Style, depth, wit and plot—a four-letter word for storyline—make for a good crime novel. The plot is the trail of breadcrumbs the reader follows with the main character; a crime novel is a puzzle formed out of prose. The puzzle is the novel, and the novel is a puzzle—they go hand in hand. What is a mystery without a puzzle? What is a puzzle if not a mystery in and of itself?
The puzzle and riddles within a crime novel are the mystery that must be pieced together to reveal the truth. Together they provide the recipe for a story that draws the reader in. The reader becomes the metaphorical fly on the wall as he or she and the protagonist try and figure out the who, why and when that every good crime novel presents. Who is the killer? Why did they do it? When will the main character catch up to the evil architect behind the maleficence raining down?
Those of us who read crime novels are addicted to the genre. When we pick up a new mystery novel, we immediately begin to look for clues as we search with the hero. Sometimes to start piecing the puzzle together, we must find the theme within. That extra layer is what blends puzzles and mystery so well together––the extra step, the intrigue, the need to uncover the truth behind the puzzle. Is the theme money, greed, power or love? None of these themes are new; they circulate throughout the literature of crime. A crime novelist asks the reader to take part in working out the puzzle, and that is what engages us.
If the reader accepts the challenge, he is immediately presented with clues. Do the clues go off into tangents that fill in the blanks of the story but draw the reader astray? Will the reader be adept enough to find the missing pieces of the picture puzzle by seeing the poisoned coffee pot off to the side of the body? Or will that misshapen piece simply complete the corner, but leave the rest of the side to be finished? Will the novelist keep leading the reader down wrong turns, blind alleys and dead ends in a maze filled with red herrings? Together with the main character, will they be led to the correct conclusion by making the necessary turns? Or will they all be led to ruin before the end? The suspense of it all is enough to die for.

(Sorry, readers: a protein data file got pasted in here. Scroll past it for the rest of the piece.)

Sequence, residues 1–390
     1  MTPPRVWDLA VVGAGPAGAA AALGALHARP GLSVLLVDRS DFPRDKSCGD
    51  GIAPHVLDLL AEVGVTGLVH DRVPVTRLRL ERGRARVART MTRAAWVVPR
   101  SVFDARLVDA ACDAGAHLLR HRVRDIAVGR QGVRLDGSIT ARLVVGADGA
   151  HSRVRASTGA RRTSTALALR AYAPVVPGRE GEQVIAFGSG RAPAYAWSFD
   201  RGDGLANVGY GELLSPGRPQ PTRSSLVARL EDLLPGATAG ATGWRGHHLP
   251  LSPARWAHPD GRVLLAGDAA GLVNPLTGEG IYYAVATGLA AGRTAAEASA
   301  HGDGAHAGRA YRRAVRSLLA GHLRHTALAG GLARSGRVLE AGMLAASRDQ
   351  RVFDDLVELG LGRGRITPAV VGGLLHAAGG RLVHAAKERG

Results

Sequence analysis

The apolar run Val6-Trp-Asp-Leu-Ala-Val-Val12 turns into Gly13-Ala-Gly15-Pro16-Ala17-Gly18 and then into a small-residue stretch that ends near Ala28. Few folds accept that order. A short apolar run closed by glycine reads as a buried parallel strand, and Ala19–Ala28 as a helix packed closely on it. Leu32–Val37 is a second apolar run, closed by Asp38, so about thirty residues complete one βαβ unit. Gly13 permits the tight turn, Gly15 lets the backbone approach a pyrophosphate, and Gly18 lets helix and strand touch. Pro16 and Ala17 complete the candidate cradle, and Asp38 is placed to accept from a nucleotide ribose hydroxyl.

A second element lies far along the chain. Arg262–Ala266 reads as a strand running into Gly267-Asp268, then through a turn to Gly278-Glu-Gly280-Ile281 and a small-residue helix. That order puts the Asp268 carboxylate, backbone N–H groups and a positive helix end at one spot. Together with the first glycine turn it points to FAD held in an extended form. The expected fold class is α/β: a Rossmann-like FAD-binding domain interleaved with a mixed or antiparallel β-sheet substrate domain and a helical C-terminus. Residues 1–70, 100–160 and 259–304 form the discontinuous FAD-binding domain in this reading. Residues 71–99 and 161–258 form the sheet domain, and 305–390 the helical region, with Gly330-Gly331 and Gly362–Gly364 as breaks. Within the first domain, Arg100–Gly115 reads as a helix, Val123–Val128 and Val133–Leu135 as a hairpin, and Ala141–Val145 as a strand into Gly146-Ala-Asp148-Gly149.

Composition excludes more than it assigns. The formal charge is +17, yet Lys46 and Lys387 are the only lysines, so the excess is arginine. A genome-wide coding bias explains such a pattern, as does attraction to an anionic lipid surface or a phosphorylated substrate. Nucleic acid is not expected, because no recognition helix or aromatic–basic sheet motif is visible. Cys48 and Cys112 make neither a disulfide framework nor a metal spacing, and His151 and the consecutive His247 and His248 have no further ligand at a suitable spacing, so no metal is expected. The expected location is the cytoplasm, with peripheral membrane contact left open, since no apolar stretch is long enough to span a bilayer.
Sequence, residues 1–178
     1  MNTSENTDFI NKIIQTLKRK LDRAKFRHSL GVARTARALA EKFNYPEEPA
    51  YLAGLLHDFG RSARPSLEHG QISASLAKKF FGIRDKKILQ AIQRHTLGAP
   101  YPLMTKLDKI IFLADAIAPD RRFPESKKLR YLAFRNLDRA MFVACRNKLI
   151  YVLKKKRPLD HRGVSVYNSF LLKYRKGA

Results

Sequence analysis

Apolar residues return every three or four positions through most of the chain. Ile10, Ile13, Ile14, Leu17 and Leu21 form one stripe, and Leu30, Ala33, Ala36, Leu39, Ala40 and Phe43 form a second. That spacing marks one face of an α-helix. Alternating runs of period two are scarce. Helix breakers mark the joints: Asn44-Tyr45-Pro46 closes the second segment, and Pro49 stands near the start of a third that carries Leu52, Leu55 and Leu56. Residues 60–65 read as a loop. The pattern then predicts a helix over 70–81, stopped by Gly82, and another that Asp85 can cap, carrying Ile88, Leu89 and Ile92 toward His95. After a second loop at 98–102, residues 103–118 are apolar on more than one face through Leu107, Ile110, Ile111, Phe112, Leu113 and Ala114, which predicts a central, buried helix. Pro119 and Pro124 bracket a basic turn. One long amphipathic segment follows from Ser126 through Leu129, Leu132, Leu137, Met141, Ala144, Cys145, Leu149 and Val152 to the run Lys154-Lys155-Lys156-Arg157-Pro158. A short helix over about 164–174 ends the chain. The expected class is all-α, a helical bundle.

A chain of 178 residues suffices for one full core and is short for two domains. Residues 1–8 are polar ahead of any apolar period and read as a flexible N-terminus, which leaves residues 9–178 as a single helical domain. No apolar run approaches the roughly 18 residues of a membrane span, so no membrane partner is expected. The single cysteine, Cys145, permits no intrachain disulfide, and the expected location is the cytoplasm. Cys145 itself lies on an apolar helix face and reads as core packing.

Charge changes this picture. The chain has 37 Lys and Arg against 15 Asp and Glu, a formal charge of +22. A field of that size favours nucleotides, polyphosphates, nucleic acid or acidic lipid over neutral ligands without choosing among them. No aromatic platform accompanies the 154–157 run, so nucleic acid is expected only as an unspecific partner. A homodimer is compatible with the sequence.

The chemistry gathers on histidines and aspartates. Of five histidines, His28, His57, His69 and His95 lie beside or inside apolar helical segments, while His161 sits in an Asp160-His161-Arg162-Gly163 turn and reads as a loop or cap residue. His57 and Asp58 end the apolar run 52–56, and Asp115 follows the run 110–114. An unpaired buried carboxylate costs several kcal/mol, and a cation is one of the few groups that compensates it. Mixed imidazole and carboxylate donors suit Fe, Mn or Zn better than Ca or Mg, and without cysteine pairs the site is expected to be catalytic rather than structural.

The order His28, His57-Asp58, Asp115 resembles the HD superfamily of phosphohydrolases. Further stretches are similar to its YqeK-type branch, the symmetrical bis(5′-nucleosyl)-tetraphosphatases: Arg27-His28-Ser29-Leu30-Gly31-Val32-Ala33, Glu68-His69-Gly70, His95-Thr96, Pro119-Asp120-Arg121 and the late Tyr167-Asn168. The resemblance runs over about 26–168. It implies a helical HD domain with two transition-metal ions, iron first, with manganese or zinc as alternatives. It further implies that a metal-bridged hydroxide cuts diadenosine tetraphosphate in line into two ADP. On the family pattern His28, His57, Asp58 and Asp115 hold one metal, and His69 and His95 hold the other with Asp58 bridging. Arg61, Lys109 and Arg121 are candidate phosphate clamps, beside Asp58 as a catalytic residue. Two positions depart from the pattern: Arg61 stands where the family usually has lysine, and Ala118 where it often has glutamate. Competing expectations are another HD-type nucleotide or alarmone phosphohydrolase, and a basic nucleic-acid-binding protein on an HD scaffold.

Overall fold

Page after page, the reader scours the setting for evidence—indication that they are on the right path. Puzzles give readers some control over the story. A well written crime novel will use the puzzle to its advantage, using intrigue and misdirection so as not to reveal the end too soon; however, a well-read sleuth may just be the best protagonist. A reader might be able to do The New York Times Sunday crossword in ink every week, but can they piece together clues like the great detectives: Holmes, Poirot, Marlowe, and Spade? A reader will never know unless they dive deep into the story.
There is something about a good puzzle that compels us to figure it out. Like playing with a Rubik’s cube or taking apart a wooden block puzzle, we want to find the end, learn how it ticks and works and moves. Puzzles are the greatest mysteries. By incorporating them, a novelist pushes the reader to stick around to learn the truth.
In 9 Down is Dead, I use puzzle clues to convey a mood or set a scene. It establishes the peculiarity of the villain of the piece. He is convinced he is as smart as his rivals. Similarly, Nero Blanc—a pseudonym for a husband and wife writing team—use puzzles to deliver clues throughout their twelve book, cozy mystery series Crossword Mystery. In the very first book of the series, detective Rosco Polycrates teams up with crossword creator Annabella Graham to uncover the mystery behind a man’s death. In Parnell Hall’s twenty book Puzzle Lady series, Hall uses puzzles from the creators of the New York Times recommended by Will Shortz, the puzzle master from National Public Radio. Funnily enough, Hall’s lead character Cora Felton couldn’t solve a crossword puzzle if her life depended on it. It’s a good thing she’s better at solving crime than word puzzles.
Newspaper puzzles usually have a pattern; crime novels don’t come with patterns. Hints, suspicions, hunches, and general mistrust fill the pages. The desire to find the truth propels reader and detective alike. Parnell Hall, Nero Blanc, and this old man know the patterns of the puzzles we complete, but the reader must disentangle the debris from the crime scene, avoid stepping in the rubbish along the way and come up for air at the denouement, a nine-letter word for conclusion.